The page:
http://www.dailymail.co.uk/news/article-1194875/Strolling-Beethoven-Playing-PIANO-street--start-new-craze.html

Even musical instruments provided by schools are caught in this madness, as confirmed in this 'Yes Minister' government response of 15 July 2009 to questions raised by Lord Clement-Jones:

Lord Clement-Jones: To ask Her Majesty's Government what information or guidance has been provided to schools and local authorities concerning the requirement to license the provision of musical instruments as "entertainment facilities" under the Licensing Act 2003 where such instruments are used in public performances of live music or private performances that seek to raise money for good causes. [HL4839]
The Minister for Communications, Technology and Broadcasting (Lord Carter of Barnes): The department has provided general advice to applicants on its website and detailed guidance to licensing authorities on the 2003 Act as it affects the provision of regulated entertainment. However, the Act has devolved responsibility for the administration of the licensing regime to individual authorities and it is for them to consider each application on its own merits. The Act does not draw a distinction between events which are put on for charity purposes and those which are not.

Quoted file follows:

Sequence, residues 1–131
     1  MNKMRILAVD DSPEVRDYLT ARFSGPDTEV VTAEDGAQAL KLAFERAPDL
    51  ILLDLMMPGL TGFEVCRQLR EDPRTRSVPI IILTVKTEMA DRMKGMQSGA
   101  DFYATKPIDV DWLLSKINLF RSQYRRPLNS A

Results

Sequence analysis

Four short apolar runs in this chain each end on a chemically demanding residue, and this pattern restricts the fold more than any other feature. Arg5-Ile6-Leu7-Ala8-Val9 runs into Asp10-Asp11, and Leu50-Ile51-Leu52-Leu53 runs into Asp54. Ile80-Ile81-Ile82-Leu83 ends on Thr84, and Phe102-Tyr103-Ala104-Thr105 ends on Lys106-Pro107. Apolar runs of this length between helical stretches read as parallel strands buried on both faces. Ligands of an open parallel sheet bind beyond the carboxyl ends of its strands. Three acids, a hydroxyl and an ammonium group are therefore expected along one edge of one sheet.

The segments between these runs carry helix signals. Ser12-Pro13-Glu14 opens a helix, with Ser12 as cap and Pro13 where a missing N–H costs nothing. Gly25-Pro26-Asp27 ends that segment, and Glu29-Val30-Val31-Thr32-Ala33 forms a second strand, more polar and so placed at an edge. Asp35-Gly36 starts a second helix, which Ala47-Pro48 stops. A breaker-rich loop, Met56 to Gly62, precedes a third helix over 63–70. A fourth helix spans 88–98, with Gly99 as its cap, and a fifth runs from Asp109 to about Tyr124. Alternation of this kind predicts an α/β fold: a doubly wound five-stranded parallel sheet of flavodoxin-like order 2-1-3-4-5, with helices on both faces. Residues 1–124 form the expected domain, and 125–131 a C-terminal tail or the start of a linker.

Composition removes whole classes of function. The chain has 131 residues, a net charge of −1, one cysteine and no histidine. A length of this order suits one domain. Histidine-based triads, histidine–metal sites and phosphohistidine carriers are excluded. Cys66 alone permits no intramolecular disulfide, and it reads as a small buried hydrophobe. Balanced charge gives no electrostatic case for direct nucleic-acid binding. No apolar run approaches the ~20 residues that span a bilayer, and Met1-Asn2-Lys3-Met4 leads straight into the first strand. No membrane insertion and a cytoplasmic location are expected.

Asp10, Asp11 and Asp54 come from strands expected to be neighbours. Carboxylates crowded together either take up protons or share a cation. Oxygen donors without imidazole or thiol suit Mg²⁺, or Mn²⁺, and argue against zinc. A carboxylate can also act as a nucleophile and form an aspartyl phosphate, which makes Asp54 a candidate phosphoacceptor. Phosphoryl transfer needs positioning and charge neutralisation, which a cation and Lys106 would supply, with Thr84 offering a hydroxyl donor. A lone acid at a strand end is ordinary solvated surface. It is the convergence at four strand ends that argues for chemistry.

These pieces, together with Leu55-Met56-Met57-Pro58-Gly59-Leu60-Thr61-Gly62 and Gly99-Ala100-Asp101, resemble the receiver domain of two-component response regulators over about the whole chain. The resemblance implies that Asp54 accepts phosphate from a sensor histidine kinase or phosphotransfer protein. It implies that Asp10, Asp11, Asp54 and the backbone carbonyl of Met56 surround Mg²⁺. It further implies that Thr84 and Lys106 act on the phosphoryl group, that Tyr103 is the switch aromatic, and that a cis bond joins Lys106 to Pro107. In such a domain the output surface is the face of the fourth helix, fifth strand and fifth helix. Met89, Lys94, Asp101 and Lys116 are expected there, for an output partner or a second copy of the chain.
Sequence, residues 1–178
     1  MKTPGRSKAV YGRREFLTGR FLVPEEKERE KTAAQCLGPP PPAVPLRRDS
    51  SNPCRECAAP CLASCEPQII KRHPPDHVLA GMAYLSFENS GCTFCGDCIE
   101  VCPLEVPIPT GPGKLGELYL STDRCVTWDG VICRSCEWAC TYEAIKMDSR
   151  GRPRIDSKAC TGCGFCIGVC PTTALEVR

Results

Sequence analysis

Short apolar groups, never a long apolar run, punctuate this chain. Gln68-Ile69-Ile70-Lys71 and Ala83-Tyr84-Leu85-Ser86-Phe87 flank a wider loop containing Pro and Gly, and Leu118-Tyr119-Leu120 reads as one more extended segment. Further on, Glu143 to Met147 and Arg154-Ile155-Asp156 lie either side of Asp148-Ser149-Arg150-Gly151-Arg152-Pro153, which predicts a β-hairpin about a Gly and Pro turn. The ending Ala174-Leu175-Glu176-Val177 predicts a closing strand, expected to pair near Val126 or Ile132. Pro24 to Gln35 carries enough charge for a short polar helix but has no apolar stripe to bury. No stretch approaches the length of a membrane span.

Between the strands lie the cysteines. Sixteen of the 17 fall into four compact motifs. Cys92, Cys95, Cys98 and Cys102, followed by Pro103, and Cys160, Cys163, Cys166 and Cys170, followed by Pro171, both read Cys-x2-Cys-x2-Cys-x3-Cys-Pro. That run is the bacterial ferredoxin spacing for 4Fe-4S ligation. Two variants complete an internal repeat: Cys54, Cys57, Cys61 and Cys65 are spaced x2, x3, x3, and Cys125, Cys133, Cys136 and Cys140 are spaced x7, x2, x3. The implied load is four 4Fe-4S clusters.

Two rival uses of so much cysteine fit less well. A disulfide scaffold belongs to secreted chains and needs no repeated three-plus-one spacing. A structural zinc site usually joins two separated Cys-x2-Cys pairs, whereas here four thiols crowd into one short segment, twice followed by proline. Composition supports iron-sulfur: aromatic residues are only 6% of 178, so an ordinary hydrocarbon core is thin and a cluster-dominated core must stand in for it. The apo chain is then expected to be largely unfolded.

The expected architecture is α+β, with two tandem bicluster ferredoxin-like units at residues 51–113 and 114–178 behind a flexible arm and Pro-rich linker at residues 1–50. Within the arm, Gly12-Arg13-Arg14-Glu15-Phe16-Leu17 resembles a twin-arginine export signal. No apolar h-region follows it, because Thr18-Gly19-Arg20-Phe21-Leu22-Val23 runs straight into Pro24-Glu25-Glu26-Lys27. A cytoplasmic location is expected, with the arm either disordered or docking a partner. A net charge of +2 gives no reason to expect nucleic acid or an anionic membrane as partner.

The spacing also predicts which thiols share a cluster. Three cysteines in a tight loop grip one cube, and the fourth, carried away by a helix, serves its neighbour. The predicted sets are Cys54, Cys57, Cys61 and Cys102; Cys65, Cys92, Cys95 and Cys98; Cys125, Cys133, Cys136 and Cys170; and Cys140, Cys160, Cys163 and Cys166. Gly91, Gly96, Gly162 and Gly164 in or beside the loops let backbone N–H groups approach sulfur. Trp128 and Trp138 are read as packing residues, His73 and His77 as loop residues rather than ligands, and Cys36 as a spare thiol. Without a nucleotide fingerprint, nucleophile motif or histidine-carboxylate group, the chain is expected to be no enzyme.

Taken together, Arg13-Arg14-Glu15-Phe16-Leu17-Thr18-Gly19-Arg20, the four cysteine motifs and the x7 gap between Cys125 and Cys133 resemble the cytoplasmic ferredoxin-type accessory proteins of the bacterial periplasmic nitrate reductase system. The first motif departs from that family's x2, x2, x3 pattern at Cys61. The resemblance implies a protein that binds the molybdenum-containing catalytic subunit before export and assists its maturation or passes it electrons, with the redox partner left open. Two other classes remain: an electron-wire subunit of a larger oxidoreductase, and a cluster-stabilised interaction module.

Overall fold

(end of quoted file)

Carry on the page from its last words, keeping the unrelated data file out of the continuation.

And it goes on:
Although the 2003 Act requires schools and colleges to obtain a licence for regulated entertainment to which the public are invited, or for a private entertainment where a fee is charged with a view to profit, they are exempt from paying the licence fee if the event is provided by, located at and for the purpose of the school or college.

Lord Clement-Jones: To ask Her Majesty's Government what proportion of schools in England and Wales are licensed under the Licensing Act 2003 for performances of live music and the provision of musical instruments as "entertainment facilities". [HL4840]

Lord Carter of Barnes: We do not hold this information. The statistical data collected by the department identify how many premises have permission, in the form of a premises licence or club premises certificate, to put on regulated entertainment, including live music. However, it is not known how many schools have obtained an appropriate permission to cover live performances of music and the provision of entertainment facilities, or indeed any other form of regulated entertainment such as a dance event or a play. In some cases, a school may decide to put on an event by giving a temporary event notice.

Although the Licensing Act 2003 requires schools and colleges to obtain a licence for regulated entertainment to which the public are invited, or for a private entertainment where a fee is charged with a view to profit, they are exempt from paying the licence fee if the event is provided by, located at and for the purpose of the school or college.

See: http://www.publications.parliament.uk/pa/ld200809/ldhansrd/text/90715w0002.htm#09071576000578

ENDS